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More Toddlers Know How to Play Computer Games than Tie their Shoelaces, says AVG StudyA study by AVG reveals that kids today are more receptive to learning computer skills than life skills.
The first part of the study in AVG’s Digital Diaries campaign, released last October, revealed that 9 out of 10 children already have an online presence as early as age two.
The second installment in the series of studies shows that a higher number of two to five-year-olds can play computer games than ride a bike.
In earlier decades, before the advent of the Internet, the development of children, particularly toddlers, were largely measured against their capacity to perform certain skills and abilities.
The said study surveyed 2,200 moms with Internet access from the U.S., Canada, U.K. France, Germany, Italy, Spain, Japan, Australia and New Zealand. These mothers all had kids two to five years old. The respondents were asked to rank their child’s computer and traditional skills depending on their level of proficiency.
Researchers at AVG were shocked to find out that more children knew how to switch on a computer, use a computer mouse or play a computer game than tie their shoelaces or make breakfast by themselves. This comprised an astounding 69% of the toddlers.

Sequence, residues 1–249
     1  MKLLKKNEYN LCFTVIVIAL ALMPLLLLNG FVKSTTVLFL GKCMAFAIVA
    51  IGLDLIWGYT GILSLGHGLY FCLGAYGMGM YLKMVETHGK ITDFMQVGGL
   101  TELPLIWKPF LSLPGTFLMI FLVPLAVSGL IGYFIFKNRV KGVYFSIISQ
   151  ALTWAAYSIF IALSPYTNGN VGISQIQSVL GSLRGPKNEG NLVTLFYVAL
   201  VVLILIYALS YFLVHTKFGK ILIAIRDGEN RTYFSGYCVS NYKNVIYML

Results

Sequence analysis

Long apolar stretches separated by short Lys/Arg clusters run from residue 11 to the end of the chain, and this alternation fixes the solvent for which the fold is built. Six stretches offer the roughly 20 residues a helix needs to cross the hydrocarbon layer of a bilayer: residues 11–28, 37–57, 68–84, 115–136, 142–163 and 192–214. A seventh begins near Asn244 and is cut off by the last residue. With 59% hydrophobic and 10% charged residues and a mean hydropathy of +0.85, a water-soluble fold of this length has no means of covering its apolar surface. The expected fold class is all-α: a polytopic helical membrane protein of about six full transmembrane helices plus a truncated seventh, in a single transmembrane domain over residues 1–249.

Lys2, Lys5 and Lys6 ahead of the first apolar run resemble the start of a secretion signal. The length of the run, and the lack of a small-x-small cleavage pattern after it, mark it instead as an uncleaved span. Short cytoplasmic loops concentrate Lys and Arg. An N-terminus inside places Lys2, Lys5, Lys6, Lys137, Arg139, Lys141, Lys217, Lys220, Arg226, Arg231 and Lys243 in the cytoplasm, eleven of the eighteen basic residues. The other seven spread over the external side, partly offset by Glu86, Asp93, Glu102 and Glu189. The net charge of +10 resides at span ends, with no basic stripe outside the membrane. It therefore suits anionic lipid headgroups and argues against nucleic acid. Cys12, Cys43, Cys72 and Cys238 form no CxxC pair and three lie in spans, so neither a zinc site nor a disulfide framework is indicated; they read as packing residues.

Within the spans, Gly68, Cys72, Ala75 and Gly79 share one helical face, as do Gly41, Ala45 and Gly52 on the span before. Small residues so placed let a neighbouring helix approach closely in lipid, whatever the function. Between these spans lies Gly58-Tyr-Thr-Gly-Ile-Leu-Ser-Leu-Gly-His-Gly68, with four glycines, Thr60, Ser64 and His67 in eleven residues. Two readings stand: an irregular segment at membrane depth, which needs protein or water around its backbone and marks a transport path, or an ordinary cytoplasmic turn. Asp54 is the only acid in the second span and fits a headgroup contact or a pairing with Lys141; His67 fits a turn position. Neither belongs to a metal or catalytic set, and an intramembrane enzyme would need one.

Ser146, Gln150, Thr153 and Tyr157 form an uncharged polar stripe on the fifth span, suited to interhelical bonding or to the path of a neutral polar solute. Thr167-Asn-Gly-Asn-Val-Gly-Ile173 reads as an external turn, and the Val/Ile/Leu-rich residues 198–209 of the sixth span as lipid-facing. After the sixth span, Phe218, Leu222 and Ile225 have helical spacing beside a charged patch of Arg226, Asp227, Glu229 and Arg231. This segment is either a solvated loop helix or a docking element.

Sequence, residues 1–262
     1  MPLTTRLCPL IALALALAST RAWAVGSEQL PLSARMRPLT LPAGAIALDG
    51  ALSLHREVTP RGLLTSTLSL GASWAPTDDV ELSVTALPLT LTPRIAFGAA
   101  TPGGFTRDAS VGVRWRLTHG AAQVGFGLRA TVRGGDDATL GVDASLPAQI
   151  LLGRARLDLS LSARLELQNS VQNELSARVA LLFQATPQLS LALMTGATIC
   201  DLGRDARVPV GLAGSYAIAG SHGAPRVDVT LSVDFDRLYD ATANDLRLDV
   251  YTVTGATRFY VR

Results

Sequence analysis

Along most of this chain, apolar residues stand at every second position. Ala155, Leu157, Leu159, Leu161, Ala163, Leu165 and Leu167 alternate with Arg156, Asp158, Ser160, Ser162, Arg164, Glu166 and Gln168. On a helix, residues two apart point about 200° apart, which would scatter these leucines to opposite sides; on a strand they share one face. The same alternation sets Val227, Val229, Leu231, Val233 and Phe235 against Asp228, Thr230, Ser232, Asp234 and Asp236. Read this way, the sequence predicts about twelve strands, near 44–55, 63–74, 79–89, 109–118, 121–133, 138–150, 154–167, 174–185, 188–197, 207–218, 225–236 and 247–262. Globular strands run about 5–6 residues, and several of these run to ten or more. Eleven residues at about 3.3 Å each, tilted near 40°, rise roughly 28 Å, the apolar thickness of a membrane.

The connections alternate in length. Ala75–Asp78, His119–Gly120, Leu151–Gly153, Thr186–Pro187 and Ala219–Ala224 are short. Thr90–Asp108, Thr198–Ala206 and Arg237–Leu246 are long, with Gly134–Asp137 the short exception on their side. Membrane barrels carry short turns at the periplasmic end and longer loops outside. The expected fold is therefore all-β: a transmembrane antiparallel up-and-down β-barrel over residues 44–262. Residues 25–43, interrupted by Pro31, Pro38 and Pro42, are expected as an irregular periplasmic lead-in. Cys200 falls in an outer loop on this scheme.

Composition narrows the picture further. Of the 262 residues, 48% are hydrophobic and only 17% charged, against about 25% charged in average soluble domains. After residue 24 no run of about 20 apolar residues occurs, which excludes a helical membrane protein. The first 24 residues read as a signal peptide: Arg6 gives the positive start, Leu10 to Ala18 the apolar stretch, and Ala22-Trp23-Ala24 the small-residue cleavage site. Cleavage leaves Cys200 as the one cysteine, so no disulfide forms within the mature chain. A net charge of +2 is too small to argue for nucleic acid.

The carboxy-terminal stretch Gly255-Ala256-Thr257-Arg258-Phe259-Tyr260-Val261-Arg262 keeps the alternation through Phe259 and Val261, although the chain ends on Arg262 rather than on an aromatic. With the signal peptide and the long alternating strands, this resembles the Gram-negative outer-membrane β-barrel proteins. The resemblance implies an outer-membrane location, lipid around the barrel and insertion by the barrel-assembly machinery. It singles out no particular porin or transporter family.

Here are some of the findings:
• “More young children know how to play a computer game (58%) than swim (20%) or ride a bike (52%);”
• “28% of young children can make a mobile phone call, but only 20% know to dial 911 in case of an emergency;”
• “69% of children aged 2-5 can operate a computer mouse, but only 11% can tie their own shoelaces”ADVERTISEMENT - CONTINUE READING BELOWCONTINUE READING BELOWRecommended Videos
AVG asked different moms and dads on their views about this study. Here's what the had to say:
How does this make you feel as a parent? Is this a good thing? Should you be worried? We’d love to know what you’re thinking.
Photo from flickr.com
• January 19, 2011. “Kids are learning computer skills before like skills” JRSmith.Blog.AVG.com
• Jen R. January 20, 2011. “Study: Children Excel At Technology Before Traditional Skills” GrowingYourBaby.com
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